• By Talia Follador
  • In Uncategorized
  • August 25, 2020

Tips to Placate Picky Eaters

By Lisa Jones, MA,RDN,LDN,FAND

August is Kids Eat Right Monthwhich highlights the role everyone plays in ensuring a healthy future for our nation’s children. How can you participate?  It starts with recognizing that toddlers do not have the same eating pattern as adults, and that this pattern varies daily. Their appetite also varies, just as yours does. Toddlers may not appear interested or hungry at breakfast, eating just a few bites of cereal, but then devour several helpings of food at dinner. Here are some tips to tame toddler tummies while following their lead and respecting hunger cues!

Model Mealtimes

Model good behavior by making sure your toddler always eats at the table or in their highchair. Picky eaters may want to graze all over the place. It is helpful to eliminate as many distractions as possible and to avoid feeding your toddler too often. You can ensure your child will feel hungry by spacing out snacks and meals at specific intervals, otherwise, toddlers may fill up at one meal and cruise until empty.

Commit to Choices

Encourage a variety of food groups, but avoid giving your toddler too many choices within each group. When providing choices, limit them to two. Toddlers may reject foods simply to control decision-making.  To address this, serve a variety of easy-to-manage foods, but never bribe, and do not create a power struggle if your child refuses to eat. Keep it simple!

Practice with Portions

Avoid overwhelming your toddler with too much food.  Keep portions small.  Use the One Tablespoon Rule—serve 1 tablespoon of each food for each year of the child’s age. You can always add small amounts as needed.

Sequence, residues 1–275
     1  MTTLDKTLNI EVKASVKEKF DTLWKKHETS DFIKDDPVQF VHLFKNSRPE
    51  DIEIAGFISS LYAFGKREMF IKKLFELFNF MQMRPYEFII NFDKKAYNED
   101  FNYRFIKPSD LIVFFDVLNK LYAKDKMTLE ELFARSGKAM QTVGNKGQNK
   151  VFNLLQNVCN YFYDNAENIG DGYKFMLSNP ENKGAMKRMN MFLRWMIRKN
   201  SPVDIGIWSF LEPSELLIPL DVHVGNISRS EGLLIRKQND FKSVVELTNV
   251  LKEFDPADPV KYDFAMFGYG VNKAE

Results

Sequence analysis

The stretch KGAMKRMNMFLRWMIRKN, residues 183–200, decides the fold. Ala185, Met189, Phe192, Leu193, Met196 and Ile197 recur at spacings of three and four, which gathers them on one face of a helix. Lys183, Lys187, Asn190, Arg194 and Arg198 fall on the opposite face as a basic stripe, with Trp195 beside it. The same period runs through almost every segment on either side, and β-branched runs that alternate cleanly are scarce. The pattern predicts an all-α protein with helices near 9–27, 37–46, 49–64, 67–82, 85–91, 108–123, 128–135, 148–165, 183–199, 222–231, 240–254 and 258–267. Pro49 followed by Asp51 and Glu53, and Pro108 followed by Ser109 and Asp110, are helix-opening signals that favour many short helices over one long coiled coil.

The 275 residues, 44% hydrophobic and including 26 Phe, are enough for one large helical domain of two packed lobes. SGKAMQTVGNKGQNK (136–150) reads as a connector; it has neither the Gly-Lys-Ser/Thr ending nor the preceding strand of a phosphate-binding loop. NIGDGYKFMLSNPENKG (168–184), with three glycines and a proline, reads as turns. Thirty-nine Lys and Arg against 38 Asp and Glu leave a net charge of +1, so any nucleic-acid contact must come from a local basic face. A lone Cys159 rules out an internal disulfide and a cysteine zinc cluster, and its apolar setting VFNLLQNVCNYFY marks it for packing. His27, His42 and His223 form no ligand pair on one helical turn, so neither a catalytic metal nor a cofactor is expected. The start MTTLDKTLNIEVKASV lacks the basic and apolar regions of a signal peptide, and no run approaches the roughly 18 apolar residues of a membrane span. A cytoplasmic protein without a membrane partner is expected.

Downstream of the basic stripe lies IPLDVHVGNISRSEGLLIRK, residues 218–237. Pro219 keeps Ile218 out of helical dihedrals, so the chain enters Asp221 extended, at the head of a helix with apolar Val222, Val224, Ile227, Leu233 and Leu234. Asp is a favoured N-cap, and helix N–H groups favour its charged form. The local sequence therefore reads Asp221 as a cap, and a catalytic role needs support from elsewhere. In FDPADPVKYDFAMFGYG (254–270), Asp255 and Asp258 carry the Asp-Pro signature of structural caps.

Leave Leftovers

Pushing children to eat gives them negative attention and increases pickiness.  The child’s job is to decide what and how much to eat. The main job of the parent or caregiver is to provide the appropriate foods at appropriate times.  It is actually acceptable to leave food on the plate.  Never force, pressure, or bribe to achieve a clean plate.  Toddlers have small tummies, short attention spans and will eat when they are hungry. 

Find the Fun in Food

Make it fun!  Involve toddlers in buying and preparing food to increase their interest in eating.  Give them simple tasks to do, such as washing carrots or tearing lettuce, and use foods to teach them about shapes and colors.  Try making a necklace out of cut-up fruits and vegetables or giving food fun names such as broccoli trees.

Follow Food Jags

Food jags are common, and toddlers may want the same food day after day.  Go with it—this will run its course.  Toddlers try to establish independence or get attention.  Expect toddlers to object, reject, or complain about new or all food on their plate.  Keep serving new food periodically, though, so you do not contribute to this pickiness.  Toddlers might consistently refuse certain types of foods, but respect their preferences if they are strong and few.  Introduce a sample of a new food when your toddler is hungriest, and offer only one new food at a time.  Having the entire family eat the same thing can often help toddlers to try new foods.

References and recommended readings

Ellen Satter division of responsibility in feeding.  Ellen Satter Institute website. https://www.ellynsatterinstitute.org/how-to-feed/childhood-feeding-problems/#the-picky-eater. Accessed August 10, 2020.

Tips for picky eaters. Choose My Plate. https://www.choosemyplate.gov/browse-by-audience/view-all-audiences/children/health-and-nutrition-information/preschoolers-picky-eating.  Accessed August 10, 2020.

Toddler food and feeding.  American Academy of Pediatrics website. https://www.aap.org/en-us/advocacy-and-policy/aap-health-initiatives/HALF-Implementation-Guide/Age-Specific-Content/Pages/Toddler-Food-and-Feeding.aspx. Accessed August 10, 2020. 

Lisa Jones MA,RDN,LDN,FAND is a Philadelphia-based award-winning registered dietitian and nutrition communications consultant. She is a registered dietitian-nutritionist in the state of Pennsylvania and a member of the Academy of Nutrition and Dietetics. Lisa is currently serving as the Past Chair for the Academy’s Nutrition Entrepreneurs Dietetic Practice Group and Delegate for the PA Academy of Nutrition and Dietetics. She serves on the advisory board for Consultant 360. In 2014, Lisa was recognized as Outstanding Dietitian of the Year by the Pennsylvania Academy, the highest honor bestowed upon a Pennsylvania Dietitian.